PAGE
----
Monte Carlo is coming to Alexandria on Thursday, June 28. But lucky blackjack and roulette players will not be the only ones who will win out that night. All proceeds go to the Alexandria Neighborhood Health Services, Inc., a federally qualified healthcare center that provides quality healthcare to those that have trouble with access in northern Virginia.
As executive director Martha Wooten describes, the mission of ANHSI is to provide healthcare to "individuals who otherwise would have problems having that access." For many of these patients, there exist a variety of barriers to decent healthcare, including "financial barriers, language barriers, location barriers."
The non-profit organization began in 1997, as a means to provide pediatric care to mainly children in the Arlandia neighborhood. The organization had modest origins, headquartered in a low-income apartment complex in the Arlandia neighborhood.
"We were in a small basement, and we only had five exam rooms for all the specialties: pediatrics, OBGYN, special care," said pediatrician Dr. Pilar Tam, when she began to work for ANHSI in 2005. "So we did not have the chance to see a lot of patients, because space was an issue."
SINCE THEN, the organization has grown. ANHSI went from serving 1,516 unduplicated patients in 1997 to 12,998 in 2011, an over eightfold increase in 15 years. In 2011, ANHSI provided 42,938 healthcare visits, which included 1,417 dental visits and 2,136 mental health visits. The organization also processed more than 4,000 medication requests, a service that helps patients access free pharmaceutical care. These medication requests helped save ANHSI patients a total of $1.8 million in 2011.
ANHSI serves an underserved community of families. About 78 percent of all patients have no form of insurance — this includes 90 percent of the adult and 30 percent of the child patients — and 47 percent of all patients live below the federal poverty line.
About a majority of patients are non-English speakers. About 65 percent of ANHSI patients are Spanish speaking, and are unfamiliar with the American healthcare system.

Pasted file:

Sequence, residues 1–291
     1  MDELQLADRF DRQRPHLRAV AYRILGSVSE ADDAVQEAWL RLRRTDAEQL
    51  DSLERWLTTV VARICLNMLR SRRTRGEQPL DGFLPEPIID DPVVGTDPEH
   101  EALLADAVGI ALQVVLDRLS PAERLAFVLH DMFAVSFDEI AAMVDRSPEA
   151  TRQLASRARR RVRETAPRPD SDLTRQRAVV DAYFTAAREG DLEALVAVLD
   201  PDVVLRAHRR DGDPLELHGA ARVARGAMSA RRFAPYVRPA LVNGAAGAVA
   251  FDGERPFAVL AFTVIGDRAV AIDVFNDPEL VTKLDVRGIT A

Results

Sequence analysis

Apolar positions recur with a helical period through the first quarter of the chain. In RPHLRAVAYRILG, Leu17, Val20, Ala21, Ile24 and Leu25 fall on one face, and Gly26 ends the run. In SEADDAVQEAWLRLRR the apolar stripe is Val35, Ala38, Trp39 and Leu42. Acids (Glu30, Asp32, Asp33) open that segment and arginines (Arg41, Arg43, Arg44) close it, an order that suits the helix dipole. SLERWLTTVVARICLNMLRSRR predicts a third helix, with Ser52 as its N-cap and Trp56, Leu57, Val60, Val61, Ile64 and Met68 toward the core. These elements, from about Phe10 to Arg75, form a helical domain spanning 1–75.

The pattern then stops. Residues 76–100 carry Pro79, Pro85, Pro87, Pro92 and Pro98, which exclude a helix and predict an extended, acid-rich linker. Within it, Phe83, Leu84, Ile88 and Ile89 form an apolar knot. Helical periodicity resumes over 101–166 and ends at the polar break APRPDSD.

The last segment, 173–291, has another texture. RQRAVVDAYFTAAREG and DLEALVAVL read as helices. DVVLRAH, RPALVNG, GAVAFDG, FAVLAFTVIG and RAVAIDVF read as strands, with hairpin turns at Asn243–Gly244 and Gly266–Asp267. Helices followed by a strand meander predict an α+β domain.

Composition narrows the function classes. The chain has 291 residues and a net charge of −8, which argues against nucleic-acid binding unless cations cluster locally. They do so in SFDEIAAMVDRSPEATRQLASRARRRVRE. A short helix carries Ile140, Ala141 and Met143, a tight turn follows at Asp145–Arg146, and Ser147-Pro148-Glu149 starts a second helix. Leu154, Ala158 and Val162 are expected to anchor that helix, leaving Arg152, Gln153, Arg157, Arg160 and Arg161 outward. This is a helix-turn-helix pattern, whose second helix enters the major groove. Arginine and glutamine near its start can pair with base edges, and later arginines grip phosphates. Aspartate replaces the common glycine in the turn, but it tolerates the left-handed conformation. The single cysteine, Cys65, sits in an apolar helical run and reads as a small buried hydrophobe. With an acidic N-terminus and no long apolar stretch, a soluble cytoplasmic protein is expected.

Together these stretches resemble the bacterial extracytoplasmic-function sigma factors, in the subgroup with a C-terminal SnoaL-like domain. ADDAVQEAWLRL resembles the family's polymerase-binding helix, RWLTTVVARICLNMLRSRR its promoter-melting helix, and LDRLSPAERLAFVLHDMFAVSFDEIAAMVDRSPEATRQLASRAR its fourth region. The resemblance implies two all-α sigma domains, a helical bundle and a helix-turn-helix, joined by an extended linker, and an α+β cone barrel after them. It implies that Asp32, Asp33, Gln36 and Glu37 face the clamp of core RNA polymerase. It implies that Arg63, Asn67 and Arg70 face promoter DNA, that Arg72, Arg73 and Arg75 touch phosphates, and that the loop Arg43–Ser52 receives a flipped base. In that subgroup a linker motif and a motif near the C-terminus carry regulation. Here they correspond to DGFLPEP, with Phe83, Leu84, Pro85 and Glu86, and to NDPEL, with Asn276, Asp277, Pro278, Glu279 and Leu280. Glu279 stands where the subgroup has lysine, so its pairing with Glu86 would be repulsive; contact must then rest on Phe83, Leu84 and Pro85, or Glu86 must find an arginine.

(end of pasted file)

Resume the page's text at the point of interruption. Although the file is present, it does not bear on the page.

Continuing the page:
This inexperience with American healthcare can exacerbate health issues. "Our patients are oftentimes sicker, because they usually delay accessing healthcare because of the affordability issue," said Wooten. "So very often their problems are more advanced than would be true for an insured population."
Furthermore, many of the patients suffer from chronic illnesses, such as diabetes, hypertension, asthma, COPD, or some combination of the above.
As a result, ANHSI is responsible for educating its patients about medicine and the healthcare system. "In the hospital, they need an explanation, but they don't get it," said Tam, "so they call us and we will re-explain to them what they need."
"When they come here, they know that this is a medical home," Tam added, "we are going to work side-by-side with them."
EVEN THOUGH ANHSI offers a sliding cost fee for the uninsured, so that an a healthcare visit that on average costs between $160 and $170 cost as low as $15 for some patients, funding is always challenge. "I constantly have more patients to serve than the dollars needed to serve them," said Wooten.
Additionally, specialty care services can be difficult to access. They are oftentimes expensive, and are sometimes not covered by insurance programs. Further, the waiting time for specialty care can be discouraging to many patients.
Finally, space is always a concern. ANHSI serves a quickly growing demographic, and even though the organization has three independent clinics across Alexandria, the current spaces are crowded. This causes unneeded inefficiencies that ANHSI hopes to resolve in the near future.
About 67 percent of ANHSI's budget comes from local, state, and federal grants and private donors. The annual Monte Carlo casino night is its greatest fundraiser. Morris and Gwendolyn Cafritz Foundation promises to match every dollar up to $35,000.
June 28 will also celebrate ANHSI's 15th anniversary of serving its community.
"We rely on this revenue year after year to help plug significant holes in our operating budget," said Wooten, "it's real important for the organization, and it has been well supported by the community historically. And we hope it will continue to be."